Just before Christmas, 2017, Bitcoin seemed unstoppable. Its value was rising exponentially as more and more investors piled in to the digital currency, hoping to profit from its sudden popularity. Other cryptocurrencies benefited too, as investors diversified their cryptocurrency holdings and arbitraged differences. Demand was so heavy that cryptocurrency exchanges crashed. Those who had held (or HODLed) cryptocurrencies for some time received the biggest Christmas present of their lives.
Professional investors and amateur traders alike predicted that Bitcoin’s price would increase even more in 2018. “Bitcoin will never crash,” said one Reddit user, “because then everyone would buy it when it’s much cheaper.” Like everyone buys the dips in a highly volatile high-yield market.
Others looked forward to universal adoption and a price tag in the millions. They might have trouble cashing in their windfall now, but that didn’t matter. Once everyone was using cryptocurrencies, fiat currency would be irrelevant and they would be the new super-rich. Some even started setting up a cryptocurrency Utopia in Puerto Rico, principally it seems to avoid the very large tax bills they would have to pay if they ever managed to convert their cryptocurrencies to dollars. Hmm.
Even in January 2018, as Bitcoin’s price crashed to less than half its December value, Bitcoin enthusiasts were still optimistic, predicting that Bitcoin’s price could rise to as much as $100,000 by the end of the year.
But here we are in March, and Bitcoin is still hovering around $8,000 dollars. Bitcoin bears are saying it is a classic bubble bursting, and making dark remarks about the price going to zero. If they are right, then a lot of people stand to lose a lot of money. How much further will Bitcoin fall?
The shape of Bitcoin’s price chart suggests a classic bubble bursting (this chart is from March 19th):
This chart shows one of the most famous stock market crashes in history – the Wall Street Crash of 1929:
There was a sizeable rally after the initial crash, followed by several smaller ones. But the underlying trend was still downward. Eventually, stocks lost all of the value they had built up over the previousdecade. If Bitcoin’s collapse follows this pattern, its price could indeed fall to zero.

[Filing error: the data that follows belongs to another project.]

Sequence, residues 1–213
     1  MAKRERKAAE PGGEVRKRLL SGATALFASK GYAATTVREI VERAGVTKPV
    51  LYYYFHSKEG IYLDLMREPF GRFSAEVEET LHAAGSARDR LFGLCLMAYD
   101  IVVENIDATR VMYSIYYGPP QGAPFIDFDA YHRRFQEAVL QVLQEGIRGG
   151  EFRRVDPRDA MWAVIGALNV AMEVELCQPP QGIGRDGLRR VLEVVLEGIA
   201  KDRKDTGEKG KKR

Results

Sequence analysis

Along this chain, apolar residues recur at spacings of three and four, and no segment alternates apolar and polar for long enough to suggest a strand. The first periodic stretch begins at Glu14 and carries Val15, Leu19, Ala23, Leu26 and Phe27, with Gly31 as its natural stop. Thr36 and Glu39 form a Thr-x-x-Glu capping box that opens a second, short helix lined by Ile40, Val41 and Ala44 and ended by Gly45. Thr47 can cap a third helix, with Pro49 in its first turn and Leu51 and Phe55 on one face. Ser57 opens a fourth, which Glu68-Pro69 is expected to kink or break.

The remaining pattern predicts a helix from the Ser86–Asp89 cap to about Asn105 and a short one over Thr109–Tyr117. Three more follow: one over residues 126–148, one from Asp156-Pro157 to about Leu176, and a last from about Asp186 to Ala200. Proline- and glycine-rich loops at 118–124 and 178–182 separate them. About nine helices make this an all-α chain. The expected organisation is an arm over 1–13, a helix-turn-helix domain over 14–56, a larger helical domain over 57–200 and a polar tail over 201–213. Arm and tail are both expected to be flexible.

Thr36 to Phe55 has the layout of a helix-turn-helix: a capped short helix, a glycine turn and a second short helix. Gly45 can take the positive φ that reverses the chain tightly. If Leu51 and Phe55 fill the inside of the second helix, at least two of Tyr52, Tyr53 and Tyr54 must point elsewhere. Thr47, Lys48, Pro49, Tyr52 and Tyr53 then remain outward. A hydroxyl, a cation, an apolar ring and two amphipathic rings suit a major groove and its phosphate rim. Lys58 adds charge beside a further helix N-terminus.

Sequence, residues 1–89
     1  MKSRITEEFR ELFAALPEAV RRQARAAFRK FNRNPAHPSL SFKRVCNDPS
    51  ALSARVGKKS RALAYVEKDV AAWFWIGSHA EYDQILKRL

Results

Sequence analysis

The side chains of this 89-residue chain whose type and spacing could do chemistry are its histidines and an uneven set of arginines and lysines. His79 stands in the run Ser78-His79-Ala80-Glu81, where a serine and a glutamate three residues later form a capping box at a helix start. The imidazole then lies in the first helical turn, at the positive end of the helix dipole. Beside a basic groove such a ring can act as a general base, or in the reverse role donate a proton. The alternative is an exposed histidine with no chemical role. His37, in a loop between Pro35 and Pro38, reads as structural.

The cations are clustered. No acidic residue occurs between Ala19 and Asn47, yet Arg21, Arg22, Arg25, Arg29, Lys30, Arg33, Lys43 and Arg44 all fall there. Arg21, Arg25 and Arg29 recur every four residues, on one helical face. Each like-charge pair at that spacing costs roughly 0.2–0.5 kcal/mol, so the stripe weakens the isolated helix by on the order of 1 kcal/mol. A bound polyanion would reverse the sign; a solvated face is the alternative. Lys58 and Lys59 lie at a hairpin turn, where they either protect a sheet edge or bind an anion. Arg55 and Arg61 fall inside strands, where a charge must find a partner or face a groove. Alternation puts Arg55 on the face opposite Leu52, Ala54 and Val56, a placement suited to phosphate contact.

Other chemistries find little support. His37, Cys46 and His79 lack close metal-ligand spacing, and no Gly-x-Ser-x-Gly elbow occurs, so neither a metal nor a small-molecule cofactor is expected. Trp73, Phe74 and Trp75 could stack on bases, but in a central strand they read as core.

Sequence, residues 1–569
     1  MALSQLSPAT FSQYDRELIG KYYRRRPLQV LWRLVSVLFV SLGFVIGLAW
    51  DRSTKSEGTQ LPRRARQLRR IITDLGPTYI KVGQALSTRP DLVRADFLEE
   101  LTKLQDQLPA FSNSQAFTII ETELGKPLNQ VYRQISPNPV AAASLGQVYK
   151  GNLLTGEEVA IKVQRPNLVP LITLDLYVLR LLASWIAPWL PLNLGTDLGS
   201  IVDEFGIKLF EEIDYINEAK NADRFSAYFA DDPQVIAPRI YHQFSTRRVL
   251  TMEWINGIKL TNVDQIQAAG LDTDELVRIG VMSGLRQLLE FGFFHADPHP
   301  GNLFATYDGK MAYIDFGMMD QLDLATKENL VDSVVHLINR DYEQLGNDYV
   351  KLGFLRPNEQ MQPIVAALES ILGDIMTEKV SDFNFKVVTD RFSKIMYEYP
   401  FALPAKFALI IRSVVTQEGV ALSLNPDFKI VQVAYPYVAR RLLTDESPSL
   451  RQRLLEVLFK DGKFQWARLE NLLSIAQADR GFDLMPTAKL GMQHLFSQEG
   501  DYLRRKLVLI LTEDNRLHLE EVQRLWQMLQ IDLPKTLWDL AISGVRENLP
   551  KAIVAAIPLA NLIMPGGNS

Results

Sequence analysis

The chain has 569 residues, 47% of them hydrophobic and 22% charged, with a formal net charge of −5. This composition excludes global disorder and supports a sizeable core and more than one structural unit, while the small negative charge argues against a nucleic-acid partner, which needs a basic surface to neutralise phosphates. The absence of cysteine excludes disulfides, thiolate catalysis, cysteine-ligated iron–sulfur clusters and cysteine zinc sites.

The characteristic “sharks-tooth” shape of a financial bubble stems from the three phases of its lifecycle, which I have annotated on the Wall Street Crash chart:
- The “Free Lunch” period. A long, slow buildup of price distortion, during which investors convince themselves that rising prices are entirely justified by fundamentals, even though it is apparent to (rational) observers that they are buying castles built on sand.
- The “This is nuts, when’s the crash?” period. Everyone knows prices are far out of line with fundamentals, but they carry on buying in the irrational belief they can get out before the crash they all know is coming. Speculators pile in, hoping to make a quick profit. Prices spike.
- The “Every man for himself” period. Prices crash as everyone runs for the exit. This can happen a number of times, separated by brief periods of stability when everyone congratulates themselves on a lucky escape. But they are wrong. The ship is sinking.
Bitcoin was in phase 2 before Christmas 2017. It is now in phase 3.
Understandably, HODLers are desperately talking up the market. Pointing to Bitcoin’s history of market crashes and recoveries, they insist that Bitcoin will rise again from the ashes, becoming bigger and better than ever before. Perhaps we should call this new improved cryptocurrency “Phoenixcoin”.
They do have a point. “Bitcoin bear markets are nothing new,” say analysts at Morgan Stanley. “Since the coin’s creation in 2009 there have been four prior bear markets, with price falls ranging from 28% to 92%, so the recent fall of 70% was nothing out of the ordinary.” Meh, apparently.
However, Morgan Stanley’s analysts think Bitcoin’s price chart looks much like the Nasdaq in the dot-com bubble of 2000. Indeed it does:
I’m afraid this tends to support the argument that Bitcoin has much further to fall. It also suggests that there will soon be a major market shake-out in which most of the current crop of cryptocurrencies will vanish.
But not all of them. After all, some of the biggest tech companies in the world today are survivors of the dot-com crash.
Personally, I would be looking at what really gives a cryptocurrency value – its real-world usefulness. After all, people still buy tulip bulbs today. They are not valueless. But now they are valued for their ability to produce pretty flowers that brighten up our lives.
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